Vale BibleWorks

In case you haven’t heard, and you’re interested in Bible software (which means you probably have heard, but anyway), BibleWorks has ceased operations as of 15th June, except for supporting BW10 with compatibility updates. I’d like to commiserate with other users who will miss BibleWorks, and are now left with two main paid rivals for serious Bible study in the original languages, Accordance and Logos, along with alternatives like the free StepBible, which I like to use for quick student study tasks in the classroom, because it will do everything needed at that level, and students can take their understanding of the tool home and use it straight away without a major financial investment. But it is not sufficiently developed to act as the main Bible study tool for me, and I have been purely a BibleWorks user for about 18 years now, opting not to even venture into the Logos cosmopolis. Accordance is attractive to me, but became an option later in that it was originally tailored for the Apple universe, and I’ve dwelt in the Windows one. What I’ll miss most is having a package devoted to primary text study, rather than to the assembly of a suite of secondary resources that, I have observed, can often be overpriced in the two rivals’ offerings, or else sometimes represent resources that can be found cheaply or freely elsewhere. BibleWorks stuck to what it was good at, and though a little dated in appearance and involving a learning curve before its full power could be unleashed, is lean and lightning quick in its sweet spot of textual search functions.

So, where to from here? I can imagine that new, imaginative digital solutions will and probably already have appeared for serious biblical study. There are some nichy options, like the sophisticated analysis tool for the Hebrew Bible/Old Testament, Shebanq, and its associated HB/OT text analyzer, Bible online learner, which is fantastic for grammatical and syntactical analysis. For other such tools, see my Pinterest page on digital tools for Bible study and another focused on biblical Hebrew. Yet the Big Three were the main options for heavy-duty study in the original languages, and BibleWorks’ demise leaves the bulk of the field to Logos and Accordance. I will be keeping my BibleWorks 9 running as long as possible, having baulked at a US$200 upgrade for little else than insurance that I will get those compatibility updates, and then will eventually have to shell out for one of the others. I hope that’s ten years from now, at least. I’ve invested heavily in using the notes function of BibleWorks, to the level of a quasi-commentary on a lot of the chapters of the OT. But those notes files, despite their .bww extension, are simply rich text files, and easily cross-compatible, so they won’t be lost. For fellow BibleWorks users wanting to make the jump to either Logos or Accordance sooner rather than later, there is good, compact advice about this over on the Bible and Tech blog.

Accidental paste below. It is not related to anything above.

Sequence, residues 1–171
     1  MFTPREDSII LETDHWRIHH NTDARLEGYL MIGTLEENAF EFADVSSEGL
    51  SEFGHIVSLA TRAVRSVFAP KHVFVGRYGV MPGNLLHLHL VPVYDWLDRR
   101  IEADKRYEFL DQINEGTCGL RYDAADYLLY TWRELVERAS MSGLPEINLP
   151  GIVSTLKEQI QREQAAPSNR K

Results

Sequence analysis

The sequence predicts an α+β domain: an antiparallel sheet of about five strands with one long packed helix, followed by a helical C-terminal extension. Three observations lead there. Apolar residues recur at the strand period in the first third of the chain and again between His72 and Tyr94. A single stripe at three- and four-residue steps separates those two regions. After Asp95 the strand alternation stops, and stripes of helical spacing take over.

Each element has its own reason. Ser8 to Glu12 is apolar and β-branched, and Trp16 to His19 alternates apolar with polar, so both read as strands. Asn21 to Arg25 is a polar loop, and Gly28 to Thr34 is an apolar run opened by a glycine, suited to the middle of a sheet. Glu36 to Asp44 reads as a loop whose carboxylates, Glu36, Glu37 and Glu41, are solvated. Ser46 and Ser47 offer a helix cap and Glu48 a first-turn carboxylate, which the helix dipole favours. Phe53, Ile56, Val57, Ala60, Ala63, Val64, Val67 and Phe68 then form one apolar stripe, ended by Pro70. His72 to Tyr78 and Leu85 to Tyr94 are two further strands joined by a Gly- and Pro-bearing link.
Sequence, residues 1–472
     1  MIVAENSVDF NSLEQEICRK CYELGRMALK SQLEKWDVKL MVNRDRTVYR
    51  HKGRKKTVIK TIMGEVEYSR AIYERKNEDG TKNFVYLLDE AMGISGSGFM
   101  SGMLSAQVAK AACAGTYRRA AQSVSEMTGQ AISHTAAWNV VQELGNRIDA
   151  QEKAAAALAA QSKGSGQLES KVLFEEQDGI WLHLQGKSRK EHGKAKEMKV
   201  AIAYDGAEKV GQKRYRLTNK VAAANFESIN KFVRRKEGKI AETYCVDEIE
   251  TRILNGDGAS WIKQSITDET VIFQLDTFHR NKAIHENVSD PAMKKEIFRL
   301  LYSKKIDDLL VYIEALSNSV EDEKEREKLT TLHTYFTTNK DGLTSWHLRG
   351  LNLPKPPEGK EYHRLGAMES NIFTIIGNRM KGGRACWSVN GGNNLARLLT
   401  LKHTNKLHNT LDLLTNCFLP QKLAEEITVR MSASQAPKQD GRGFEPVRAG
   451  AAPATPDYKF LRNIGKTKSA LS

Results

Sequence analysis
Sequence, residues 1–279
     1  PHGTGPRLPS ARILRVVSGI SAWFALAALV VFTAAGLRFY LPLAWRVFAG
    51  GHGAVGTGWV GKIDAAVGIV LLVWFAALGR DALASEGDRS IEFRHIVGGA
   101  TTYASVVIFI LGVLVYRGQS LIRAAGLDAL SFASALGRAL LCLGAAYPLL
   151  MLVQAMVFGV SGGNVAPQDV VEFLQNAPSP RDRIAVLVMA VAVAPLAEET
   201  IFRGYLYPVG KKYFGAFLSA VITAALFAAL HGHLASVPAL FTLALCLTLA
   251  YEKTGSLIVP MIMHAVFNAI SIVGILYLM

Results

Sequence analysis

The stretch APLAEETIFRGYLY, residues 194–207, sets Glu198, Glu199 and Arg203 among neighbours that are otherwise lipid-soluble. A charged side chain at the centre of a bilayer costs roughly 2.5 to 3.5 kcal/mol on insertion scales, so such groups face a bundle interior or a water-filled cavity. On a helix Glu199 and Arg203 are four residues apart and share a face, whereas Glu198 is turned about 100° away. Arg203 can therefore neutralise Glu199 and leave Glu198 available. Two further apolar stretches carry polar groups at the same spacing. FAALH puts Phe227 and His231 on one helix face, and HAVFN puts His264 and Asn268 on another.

Reference Manager Comparison

Following up from the previous post, which offered a link to a prezi on (postgraduate, and primarily text-oriented) research workflow, with a digital tool emphasis, here is a similar link to a prezi that compares Endnote and Zotero in particular, and notes the existence of an integrated word processor and reference manager tool called Comwriter.

Ref Mgr Prezi Sshot

You’ll have to forgive the minority of instructions that are specific to our institution here in Australia, Melbourne School of Theology (MST), along with its parent accrediting body, the Australian College of Theology. The three resources treated here are those that feature our in-house citation style. Some other interesting ones include Mendeley, ReadCube, and Docear, which combines reference management and writing with a mindmapping function, though it isn’t easy to learn, in my opinion.

One point of interest in the prezi is a comparison of the relative advantages of Endnote v. Zotero, two of the most popular reference managers. In a word, Endnote has more power under the hood for large library management and mass-editing, and offers a lot more free space online, while Zotero is more user-friendly and versatile, with better notetaking, tabbing and linking of records, and of course, it’s free, even when you’re not a student. That’s hard to beat. More details in the prezi!

Research Workflow Revisited

A few years ago I prepared a prezi to explain research workflow to students at our college, and I recently refreshed it for a seminar to some of our postgraduates. It really hints or suggests a workflow rather than fully explaining it, and it indicates some of the digital tools that may come in handy. The focus is on literary studies, in connection with my own more specific field of biblical studies. I offer the link to the prezi here again for those interested.

Research Workflow Prezi 02-2018

I have also revisited two main reference managers in recent times, Endnote and Zotero, comparing their virtues in their latest versions, so stay tuned and I’ll offer that prezi with my summary of their relative strengths, life permitting.